History of the Gua
||This article may require cleanup to meet Wikipedia's quality standards. The specific problem is: There is no 109th episode as the series just has 66 episodes (see the infobox). (June 2016) (Learn how and when to remove this template message)|
We were like you once. There’s a time for peace and inner-growth, but we became complacent; and when the invasion force landed, they took us down. One rebel led us to freedom. That’s when we took the name Gua; it means “power to overcome”. Over the centuries, science and industry achieved perfect focus. We created a military machine to ensure our freedom, permanently... We’re here because we’ll never be victims again.”
- — Joshua Bridges, episode 109, “Joshua”
The Gua are a race older than humanity, coming from a much older star system. As Joshua tells Cade, “Everything on my planet is red, the colour of a tired sun; the colour of death” which indicates that their home system is at a much later stage than our own, and that their sun is entering a late phase of its life. The Gua originally existed peacefully, exploring their inner selves until they were invaded and enslaved. Eventually, they rose up and overthrew their oppressors, taking the name Gua from that climactic, defining event; Gua meaning “power to overcome”.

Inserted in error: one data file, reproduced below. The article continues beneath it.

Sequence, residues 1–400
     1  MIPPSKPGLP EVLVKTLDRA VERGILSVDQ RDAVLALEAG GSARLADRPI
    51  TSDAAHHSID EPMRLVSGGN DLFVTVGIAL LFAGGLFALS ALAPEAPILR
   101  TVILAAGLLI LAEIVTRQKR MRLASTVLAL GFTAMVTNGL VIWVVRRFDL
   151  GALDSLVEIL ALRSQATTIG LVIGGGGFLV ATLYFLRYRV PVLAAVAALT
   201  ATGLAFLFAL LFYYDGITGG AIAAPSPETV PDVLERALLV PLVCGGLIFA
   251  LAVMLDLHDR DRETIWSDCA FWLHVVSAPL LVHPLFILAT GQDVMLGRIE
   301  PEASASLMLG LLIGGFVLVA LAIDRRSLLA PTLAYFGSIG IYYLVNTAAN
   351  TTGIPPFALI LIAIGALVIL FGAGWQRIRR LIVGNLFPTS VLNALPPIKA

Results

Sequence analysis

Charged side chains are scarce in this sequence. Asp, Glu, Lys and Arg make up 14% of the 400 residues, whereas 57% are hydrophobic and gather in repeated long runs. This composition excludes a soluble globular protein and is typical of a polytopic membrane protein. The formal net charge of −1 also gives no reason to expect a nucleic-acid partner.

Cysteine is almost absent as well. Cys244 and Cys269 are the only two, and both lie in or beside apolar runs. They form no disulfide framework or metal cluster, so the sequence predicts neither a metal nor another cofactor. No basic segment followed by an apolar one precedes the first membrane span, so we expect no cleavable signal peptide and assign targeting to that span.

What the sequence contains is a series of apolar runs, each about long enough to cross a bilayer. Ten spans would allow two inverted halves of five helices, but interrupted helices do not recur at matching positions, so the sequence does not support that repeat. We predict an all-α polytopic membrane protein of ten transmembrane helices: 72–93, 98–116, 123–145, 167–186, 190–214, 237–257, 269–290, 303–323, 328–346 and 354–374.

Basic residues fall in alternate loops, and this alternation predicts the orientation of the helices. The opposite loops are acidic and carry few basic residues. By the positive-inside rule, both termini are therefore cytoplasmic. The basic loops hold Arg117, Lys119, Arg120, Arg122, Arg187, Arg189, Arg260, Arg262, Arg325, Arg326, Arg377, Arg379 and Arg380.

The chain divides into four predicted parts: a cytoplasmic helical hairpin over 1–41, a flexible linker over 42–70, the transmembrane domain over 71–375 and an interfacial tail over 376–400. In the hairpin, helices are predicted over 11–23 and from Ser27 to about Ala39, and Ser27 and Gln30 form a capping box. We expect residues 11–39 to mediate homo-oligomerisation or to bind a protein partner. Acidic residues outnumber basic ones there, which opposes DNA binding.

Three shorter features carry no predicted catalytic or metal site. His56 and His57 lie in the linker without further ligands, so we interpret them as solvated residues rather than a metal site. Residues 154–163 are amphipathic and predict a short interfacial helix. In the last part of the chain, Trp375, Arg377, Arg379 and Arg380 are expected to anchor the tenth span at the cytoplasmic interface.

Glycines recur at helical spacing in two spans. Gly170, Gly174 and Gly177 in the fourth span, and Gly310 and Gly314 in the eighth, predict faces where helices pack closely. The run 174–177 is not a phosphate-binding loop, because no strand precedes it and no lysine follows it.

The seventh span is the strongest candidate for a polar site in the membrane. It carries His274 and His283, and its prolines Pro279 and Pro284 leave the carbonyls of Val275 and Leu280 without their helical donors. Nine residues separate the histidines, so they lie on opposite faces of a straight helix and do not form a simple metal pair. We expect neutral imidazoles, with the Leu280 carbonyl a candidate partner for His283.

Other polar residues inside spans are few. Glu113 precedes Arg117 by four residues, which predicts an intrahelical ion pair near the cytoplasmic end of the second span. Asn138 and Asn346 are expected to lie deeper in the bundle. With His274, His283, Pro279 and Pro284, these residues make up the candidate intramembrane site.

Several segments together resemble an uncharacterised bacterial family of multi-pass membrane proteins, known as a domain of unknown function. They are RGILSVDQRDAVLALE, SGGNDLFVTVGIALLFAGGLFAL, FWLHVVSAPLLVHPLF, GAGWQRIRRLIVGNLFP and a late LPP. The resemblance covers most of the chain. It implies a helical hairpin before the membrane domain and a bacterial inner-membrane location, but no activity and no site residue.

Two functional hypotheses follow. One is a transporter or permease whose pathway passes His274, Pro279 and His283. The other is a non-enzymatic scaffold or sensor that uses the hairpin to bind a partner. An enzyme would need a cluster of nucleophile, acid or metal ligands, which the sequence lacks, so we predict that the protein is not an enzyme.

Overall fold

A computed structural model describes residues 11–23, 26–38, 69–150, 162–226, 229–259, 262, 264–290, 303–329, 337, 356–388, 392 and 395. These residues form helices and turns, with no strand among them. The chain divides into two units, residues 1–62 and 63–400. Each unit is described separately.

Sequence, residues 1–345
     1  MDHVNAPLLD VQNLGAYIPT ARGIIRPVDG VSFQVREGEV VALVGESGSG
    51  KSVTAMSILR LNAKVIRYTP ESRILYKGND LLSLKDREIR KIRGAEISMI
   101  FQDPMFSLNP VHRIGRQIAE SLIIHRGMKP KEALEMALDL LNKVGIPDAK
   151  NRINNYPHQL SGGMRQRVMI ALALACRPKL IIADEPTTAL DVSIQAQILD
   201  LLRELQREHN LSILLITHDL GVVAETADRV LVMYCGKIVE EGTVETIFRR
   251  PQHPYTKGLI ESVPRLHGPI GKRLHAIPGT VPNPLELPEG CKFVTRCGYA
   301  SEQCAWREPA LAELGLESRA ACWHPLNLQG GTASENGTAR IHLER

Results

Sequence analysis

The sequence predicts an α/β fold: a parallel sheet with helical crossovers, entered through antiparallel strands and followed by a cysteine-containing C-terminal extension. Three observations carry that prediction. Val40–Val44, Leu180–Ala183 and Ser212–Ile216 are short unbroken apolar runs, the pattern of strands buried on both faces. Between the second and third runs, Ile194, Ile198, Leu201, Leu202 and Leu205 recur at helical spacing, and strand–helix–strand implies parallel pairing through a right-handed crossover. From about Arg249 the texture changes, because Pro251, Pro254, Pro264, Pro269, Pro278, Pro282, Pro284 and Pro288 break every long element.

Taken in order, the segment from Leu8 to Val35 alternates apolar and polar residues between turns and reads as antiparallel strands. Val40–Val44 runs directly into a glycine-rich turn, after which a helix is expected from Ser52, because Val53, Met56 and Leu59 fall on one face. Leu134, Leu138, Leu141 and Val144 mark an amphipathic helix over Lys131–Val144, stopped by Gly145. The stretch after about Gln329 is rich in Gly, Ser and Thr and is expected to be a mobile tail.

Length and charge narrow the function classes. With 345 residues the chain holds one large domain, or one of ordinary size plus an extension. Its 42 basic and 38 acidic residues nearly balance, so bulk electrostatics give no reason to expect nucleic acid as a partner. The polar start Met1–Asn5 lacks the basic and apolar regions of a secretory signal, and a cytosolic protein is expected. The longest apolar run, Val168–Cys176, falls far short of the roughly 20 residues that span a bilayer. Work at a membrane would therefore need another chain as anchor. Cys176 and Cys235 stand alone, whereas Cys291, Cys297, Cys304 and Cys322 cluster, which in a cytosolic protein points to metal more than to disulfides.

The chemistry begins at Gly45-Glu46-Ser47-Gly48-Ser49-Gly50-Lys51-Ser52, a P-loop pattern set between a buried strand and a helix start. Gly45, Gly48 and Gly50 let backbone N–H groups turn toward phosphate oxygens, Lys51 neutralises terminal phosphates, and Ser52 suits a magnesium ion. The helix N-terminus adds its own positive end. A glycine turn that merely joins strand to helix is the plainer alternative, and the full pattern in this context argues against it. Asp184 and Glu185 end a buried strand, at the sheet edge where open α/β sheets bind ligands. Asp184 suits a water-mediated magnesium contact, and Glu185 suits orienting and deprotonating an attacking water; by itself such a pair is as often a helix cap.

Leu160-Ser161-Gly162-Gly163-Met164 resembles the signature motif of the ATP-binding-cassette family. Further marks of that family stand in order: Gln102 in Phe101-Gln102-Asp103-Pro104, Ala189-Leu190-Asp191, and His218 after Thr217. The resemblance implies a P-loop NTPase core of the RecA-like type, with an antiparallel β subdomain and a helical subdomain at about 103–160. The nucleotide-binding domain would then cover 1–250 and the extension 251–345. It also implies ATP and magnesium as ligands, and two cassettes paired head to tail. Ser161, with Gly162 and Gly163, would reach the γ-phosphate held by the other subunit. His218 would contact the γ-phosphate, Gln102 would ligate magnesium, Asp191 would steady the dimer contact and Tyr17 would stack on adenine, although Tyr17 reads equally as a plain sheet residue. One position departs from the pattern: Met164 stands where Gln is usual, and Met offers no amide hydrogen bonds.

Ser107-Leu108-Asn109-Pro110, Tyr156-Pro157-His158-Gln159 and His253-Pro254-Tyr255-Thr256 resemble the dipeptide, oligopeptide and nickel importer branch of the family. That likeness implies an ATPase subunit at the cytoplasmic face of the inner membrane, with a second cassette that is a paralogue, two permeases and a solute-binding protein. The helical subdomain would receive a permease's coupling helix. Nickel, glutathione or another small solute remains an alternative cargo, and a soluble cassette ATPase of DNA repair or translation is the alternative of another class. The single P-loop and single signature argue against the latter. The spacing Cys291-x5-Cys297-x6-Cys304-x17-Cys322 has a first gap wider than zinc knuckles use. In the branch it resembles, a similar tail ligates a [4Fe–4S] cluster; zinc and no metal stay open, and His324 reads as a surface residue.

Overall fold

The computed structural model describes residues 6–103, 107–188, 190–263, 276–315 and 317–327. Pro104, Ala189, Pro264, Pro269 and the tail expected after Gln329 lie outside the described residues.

As a consequence of this invasion, the newly named Gua decided they could no longer afford to be passive and peaceful, and set out on an aggressive, expansionist path. Aware of the limited lifespan of their home planet, they began a campaign to expand into other systems. Thus their invasion of Earth was planned.
Due to the distance between Earth and their own planet, the Gua devised a method of dispatching small metallic orbs containing their consciousnesses through wormholes to Earth and transferring them into specially bioengineered human husks. As a result of this, it is unknown what the Gua actually look like.
These husks contain small amounts of Gua DNA that provide the aliens with an increased rate of healing, strength, speed and intelligence. The husks dissolve and disappear completely when the aliens are killed. The aliens in these husks are tasked with preparing the planet for the Second Wave. While being held hostage by Cade, Joshua noted that he was in his “third body”; this is further elaborated when Joshua states that the average Gua life-span is “equal to 1,000 human years”.
In the third season, Joshua reveals that at least one other race had been conquered and exterminated by the Gua centuries prior. Apparently, some members of that race had precognitive abilities; it is revealed that the being later known as Nostradamus was a member of this race. He journeyed to Earth and used his precognitive abilities to leave behind the prophesies that would help Cade resist the Gua.